It was a wild trading day!
Stocks were down around 2.0% at the open, then continued to slide.
Then a little more than an hour into the trading session, the S&P was down 3.5%!!!
Stocks rallied mid-day and tried to fill today’s gap. And at one point the S&P was down just 0.6%.
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One Finance PhD is calling for the end of this 11-year bull market – but not because of coronavirus. He says, “All of the great crashes in history have this in common. We saw it with tech stocks in 2000… housing in 2008… even Bitcoin in 2018. These bubbles look different to the untrained eye – but they all share the exact same trigger.”
But in the afternoon things got worse.
Stocks drifted back towards session lows. And then in the last 15 minutes of trading stocks plummeted.
The S&P closed below 2,900 for the first time since mid-October. But even worse, with today’s losses the S&P has entered in correction territory, down 12.2% since making a record high on February 19th.
The DOW finished at its lowest level since August of last year. The DOW is also in correction territory, down 12.2% after losing 3,800 points in just two weeks.
Here’s where the major indices ended the day:
- The S&P finished with a 4.4% loss. Down 138 points, the S&P ended at 2,979.
- The DOW ended lower by 4.4%. Dropping 1191 points the DOW closed at 25,767.
- The NASDAQ was down 4.7%. With a 417 point loss, the NASDAQ finished at 8,562.
Crude Oil (CL) finished lower for the 5th day straight and actually traded below $46 for the first time since December 2018. Down 3.2%, Crude Oil finished the day at $47.17 a barrel.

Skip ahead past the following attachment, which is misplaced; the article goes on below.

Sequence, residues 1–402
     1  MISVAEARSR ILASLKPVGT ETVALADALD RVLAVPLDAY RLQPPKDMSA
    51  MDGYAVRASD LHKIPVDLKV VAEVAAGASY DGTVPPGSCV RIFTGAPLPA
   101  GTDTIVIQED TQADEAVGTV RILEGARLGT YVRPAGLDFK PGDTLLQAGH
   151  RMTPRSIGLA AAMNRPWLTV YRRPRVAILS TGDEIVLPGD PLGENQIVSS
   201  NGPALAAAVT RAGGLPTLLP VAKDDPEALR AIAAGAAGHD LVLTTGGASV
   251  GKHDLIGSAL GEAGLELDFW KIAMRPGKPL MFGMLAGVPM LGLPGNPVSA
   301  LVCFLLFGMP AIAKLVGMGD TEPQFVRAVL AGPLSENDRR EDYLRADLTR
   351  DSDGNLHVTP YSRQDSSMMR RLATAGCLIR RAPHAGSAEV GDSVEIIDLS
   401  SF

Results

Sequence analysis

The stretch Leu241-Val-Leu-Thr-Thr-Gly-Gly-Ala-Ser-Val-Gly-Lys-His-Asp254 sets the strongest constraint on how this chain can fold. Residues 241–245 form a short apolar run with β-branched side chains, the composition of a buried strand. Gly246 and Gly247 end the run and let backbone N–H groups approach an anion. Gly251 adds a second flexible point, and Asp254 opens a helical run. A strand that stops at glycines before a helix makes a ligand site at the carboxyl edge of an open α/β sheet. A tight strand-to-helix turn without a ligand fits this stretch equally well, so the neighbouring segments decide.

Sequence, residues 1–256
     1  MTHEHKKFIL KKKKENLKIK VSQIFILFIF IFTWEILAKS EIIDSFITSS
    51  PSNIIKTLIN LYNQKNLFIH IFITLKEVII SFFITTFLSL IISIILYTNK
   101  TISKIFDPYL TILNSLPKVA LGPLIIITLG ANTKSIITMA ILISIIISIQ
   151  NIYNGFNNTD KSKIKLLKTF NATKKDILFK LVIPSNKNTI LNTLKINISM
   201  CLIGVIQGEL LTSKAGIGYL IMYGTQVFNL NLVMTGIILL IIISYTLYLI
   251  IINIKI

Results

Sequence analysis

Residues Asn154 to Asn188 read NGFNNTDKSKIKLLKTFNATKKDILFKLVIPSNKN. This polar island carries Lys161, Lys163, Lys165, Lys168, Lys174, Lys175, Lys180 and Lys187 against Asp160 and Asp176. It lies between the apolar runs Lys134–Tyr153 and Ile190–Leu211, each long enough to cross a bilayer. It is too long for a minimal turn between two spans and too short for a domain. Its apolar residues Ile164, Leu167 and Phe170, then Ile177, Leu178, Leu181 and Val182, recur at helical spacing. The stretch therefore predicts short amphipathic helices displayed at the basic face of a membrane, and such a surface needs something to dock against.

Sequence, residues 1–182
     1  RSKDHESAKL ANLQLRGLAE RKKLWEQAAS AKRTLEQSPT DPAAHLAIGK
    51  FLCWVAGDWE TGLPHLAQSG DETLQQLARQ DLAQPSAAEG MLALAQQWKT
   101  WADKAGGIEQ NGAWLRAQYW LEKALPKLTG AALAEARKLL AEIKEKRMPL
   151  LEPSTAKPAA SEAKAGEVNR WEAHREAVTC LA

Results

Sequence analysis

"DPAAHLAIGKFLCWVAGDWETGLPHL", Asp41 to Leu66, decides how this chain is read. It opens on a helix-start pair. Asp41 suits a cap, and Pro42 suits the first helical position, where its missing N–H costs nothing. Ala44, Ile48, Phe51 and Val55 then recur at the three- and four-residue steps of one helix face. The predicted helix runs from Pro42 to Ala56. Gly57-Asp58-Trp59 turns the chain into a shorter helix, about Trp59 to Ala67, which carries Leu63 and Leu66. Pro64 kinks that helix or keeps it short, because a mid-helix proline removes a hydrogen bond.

Last night, President Trump tried to tame coronavirus concerns by saying that the risk to people in the U.S. is still “very low.” He also put Vice President Mike Pence in charge of the coronavirus response.
But this didn’t do much to calm coronavirus fears.
Especially since there was news that someone in Northern California now has coronavirus. And the person got the virus without any travel to China or interaction with traveler’s to China. And on Thursday, California’s governor announced that the state is monitoring 8,400 people for the virus.
Goldman Sachs put coronavirus concerns in perspective today, when their Chief Equity Strategist said “US companies will generate no earnings growth in 2020.” Because of “the severe decline in Chinese economic activity in 1Q, lower end-demand for US exporters, disruption to the supply chain for US firms, a slowdown in US economic activity, and elevated business uncertainty.”
Today the biggest losers in the DOW were Apple (AAPL), down 6.7%, and Intel (INTC), down 6.4%.
Here is the economic calendar for the week:
Real Time Economic Calendar provided by Investing.com.
Source: RockwellTrading by Markus Heitkoetter | Original Link